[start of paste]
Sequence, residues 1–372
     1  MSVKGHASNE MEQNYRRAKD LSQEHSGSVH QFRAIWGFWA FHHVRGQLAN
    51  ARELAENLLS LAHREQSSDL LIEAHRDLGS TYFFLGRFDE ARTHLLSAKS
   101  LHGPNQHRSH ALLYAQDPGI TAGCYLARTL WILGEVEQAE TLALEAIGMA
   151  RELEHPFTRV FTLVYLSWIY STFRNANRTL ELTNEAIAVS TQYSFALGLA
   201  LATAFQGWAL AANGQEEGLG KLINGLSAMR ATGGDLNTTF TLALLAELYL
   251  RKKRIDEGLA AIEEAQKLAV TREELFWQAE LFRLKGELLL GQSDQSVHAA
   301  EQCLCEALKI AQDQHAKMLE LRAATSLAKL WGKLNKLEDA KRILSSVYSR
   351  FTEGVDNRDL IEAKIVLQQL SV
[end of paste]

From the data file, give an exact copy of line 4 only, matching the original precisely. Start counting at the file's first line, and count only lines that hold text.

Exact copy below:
   101  LHGPNQHRSH ALLYAQDPGI TAGCYLARTL WILGEVEQAE TLALEAIGMA